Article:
Our analysis shows SNP air tax cut would benefit richest 10% of households four times as much as poorest 10%
New figures produced today (25 April) by the Scottish Greens show that the richest 10% of households stand to gain four times as much from the 50% cut to APD than the poorest 10%.
The Green group of MSPs, who were elected on a manifesto commitment to retain Air Passenger Duty, will abstain in today’s Holyrood vote allowing the Air Departure Tax (Scotland) Bill to proceed to the amendment stage, so they can attempt a major overhaul with alternative tax proposals that have “social, environmental and genuine economic benefits”.
The party’s finance and economy spokesperson, Patrick Harvie MSP will highlight in the debate how ministers have sat back as fares for other modes of transport continue to rise and also make clear that neither the environmental nor the economic case for the proposals have been made.
Glasgow MSP, Patrick Harvie said:
“It’s absurd that the SNP’s plan to cut aviation tax is being debated right before a debate on Earth Hour, where some of their MSPs will be patting each other on the back for their environmental credentials. But that’s not the only contradiction in this debate.
“The SNP is proposing a tax break for the only transport industry that is already free of fuel duty. They’re happy to see people’s daily train and bus fares rise, but they’re trying to convince us we’ll all be better off if occasional holiday flights are a few pounds cheaper. They say they’ll belatedly carry out an economic analysis instead of relying on the industry’s spin, but they’ve already decided what the tax policy will be, before those facts are in.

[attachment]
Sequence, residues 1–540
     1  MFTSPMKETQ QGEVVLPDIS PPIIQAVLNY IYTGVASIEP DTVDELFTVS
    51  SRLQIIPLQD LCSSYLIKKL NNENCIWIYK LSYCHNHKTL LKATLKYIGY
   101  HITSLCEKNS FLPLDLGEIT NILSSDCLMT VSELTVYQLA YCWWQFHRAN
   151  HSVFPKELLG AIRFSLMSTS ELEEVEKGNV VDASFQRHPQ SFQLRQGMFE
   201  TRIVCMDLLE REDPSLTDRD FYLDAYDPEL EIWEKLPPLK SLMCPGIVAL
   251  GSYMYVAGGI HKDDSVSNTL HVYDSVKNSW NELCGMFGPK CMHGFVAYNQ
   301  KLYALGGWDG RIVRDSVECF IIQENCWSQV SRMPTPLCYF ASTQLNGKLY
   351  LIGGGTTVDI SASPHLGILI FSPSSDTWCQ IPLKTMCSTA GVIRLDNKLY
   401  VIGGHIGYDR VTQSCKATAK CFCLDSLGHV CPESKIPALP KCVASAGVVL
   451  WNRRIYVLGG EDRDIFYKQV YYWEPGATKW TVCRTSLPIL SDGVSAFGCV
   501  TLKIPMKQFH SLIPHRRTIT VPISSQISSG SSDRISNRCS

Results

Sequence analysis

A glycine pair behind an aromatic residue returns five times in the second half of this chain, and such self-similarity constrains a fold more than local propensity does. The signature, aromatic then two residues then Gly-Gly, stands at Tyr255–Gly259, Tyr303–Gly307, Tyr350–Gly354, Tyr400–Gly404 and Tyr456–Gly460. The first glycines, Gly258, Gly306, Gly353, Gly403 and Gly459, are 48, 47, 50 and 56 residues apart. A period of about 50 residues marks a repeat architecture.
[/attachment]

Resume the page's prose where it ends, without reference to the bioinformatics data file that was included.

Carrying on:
“And they seem utterly unwilling to acknowledge the data we do have about the impact of their policy – this tax break will overwhelmingly benefit the small minority of high income households who fly far more than most of us. In effect this tax will take cash from public purse and hand it to the wealthiest; just the kind of thing the SNP rightly condemn the Tories for doing at Westminster.
“The government is proposing this law to create a tax that it basically doesn’t think should exist, so there’s no wonder that their policy is so confused.
“This Bill can be fixed though – Greens will propose amendments which place duties on Ministers to achieve social, environmental and genuine economic benefits instead of simply doing the aviation industry’s bidding. We’ll let the Bill proceed to the amendment stage, but if those changes aren’t made we can’t support the Bill in its current form.”
Figures from Civil Aviation Authority passenger survey. Analysis for Scottish Green MSPs by the Fellow Traveller project. A 50% cut in APD in 2018/19 would cost the public finances £163m. Of that £163m, over one fifth (21%) - £33.5m - will go to UK leisure passengers in the richest 10% of Scottish households. Comparison with leisure passengers from the lowest 10% of households below.
Total tax giveaway to UK leisure passengers, £89,669,000
Richest 10% households, 37%, £33,461,000
Richest 30% households, 68%, £60,846,000
Poorest 10% households, 10%, £8,564,000